Amidst all the mandates and advice given by health officials during the current COVID-19 outbreak, there are still many people who are choosing to ignore public warnings and act in the way that they think is best. While this behavior may leave others shaking their heads, results from a new study may explain why this is happening.
Researchers from The University of Texas at Arlington say that when it comes to medical emergencies, many people are much more likely to trust their gut and act based on their emotions, opinions, and the anecdotal stories that they’ve heard instead of cold, hard facts.
"We found that people are more likely to consider personal anecdotes than fact-based information, especially when it deals with medical emergencies," said researcher Traci Freling. "This has a high importance in the current environment, where everyone is concerned about the coronavirus."
Freling and fellow researcher Ritesh Saini came to their conclusions after analyzing 61 studies that measured the impact of evidence on persuasion. They found that one of the primary factors behind these behaviors is emotional engagement.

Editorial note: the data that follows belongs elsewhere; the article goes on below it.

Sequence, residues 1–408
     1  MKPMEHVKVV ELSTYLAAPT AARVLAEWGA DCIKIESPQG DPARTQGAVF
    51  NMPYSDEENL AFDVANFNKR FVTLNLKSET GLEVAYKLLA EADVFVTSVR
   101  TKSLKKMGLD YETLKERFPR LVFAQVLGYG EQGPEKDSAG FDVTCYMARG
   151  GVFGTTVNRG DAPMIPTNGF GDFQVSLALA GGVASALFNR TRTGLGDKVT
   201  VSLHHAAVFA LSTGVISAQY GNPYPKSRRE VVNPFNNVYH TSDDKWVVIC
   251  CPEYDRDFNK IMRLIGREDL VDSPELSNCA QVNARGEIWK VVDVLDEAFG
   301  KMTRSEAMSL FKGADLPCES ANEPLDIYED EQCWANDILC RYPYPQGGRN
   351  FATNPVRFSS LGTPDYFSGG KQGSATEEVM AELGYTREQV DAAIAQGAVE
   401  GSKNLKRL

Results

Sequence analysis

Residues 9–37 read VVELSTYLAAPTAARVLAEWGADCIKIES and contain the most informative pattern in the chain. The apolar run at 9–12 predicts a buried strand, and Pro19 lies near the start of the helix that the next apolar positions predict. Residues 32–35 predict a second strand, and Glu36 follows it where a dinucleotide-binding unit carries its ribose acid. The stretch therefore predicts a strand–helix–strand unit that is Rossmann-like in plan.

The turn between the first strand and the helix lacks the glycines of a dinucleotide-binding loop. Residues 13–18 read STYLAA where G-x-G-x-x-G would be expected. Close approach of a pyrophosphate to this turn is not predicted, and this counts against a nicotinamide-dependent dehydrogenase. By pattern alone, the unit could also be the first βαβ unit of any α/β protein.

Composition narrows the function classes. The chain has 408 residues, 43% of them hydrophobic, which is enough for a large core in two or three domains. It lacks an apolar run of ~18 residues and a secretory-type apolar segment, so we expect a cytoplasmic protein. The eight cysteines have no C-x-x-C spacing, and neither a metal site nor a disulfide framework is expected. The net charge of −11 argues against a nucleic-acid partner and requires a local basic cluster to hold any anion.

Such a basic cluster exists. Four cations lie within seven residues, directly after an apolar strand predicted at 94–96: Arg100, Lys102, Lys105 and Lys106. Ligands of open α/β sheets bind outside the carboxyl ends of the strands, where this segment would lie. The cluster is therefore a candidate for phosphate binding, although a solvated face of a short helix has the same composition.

They posit that consumers who feel vulnerable or anxious are much more likely to ignore fact-based evidence and stick with following their gut. That appears to especially hold true for situations when a person’s health is at risk.
"[People] are especially dismissive of facts if the incident is something they personally experienced," Freling explained. "Specifically, we show that when an issue is health-related, personally relevant or highly threatening, then decision-making is compromised and people tend to rely on anecdotes."
Facts still apply in some cases
While the findings certainly apply to many decisions being made during the current coronavirus outbreak, the researchers say there are areas of life in which facts are more heavily considered. Saini notes that people tend to make “"more fact-based decisions when choosing for others, but become surprisingly irrational when choosing for [themselves.]"
Elten Briggs, the chair of the Marketing Department at The University of Texas at Arlington, says that the research “provides guidance on how to craft more influential messaging during times like these, when anxiety is heightened for so many people.”
The full study has been published in the journal Organizational Behavior and Human Decision Processes.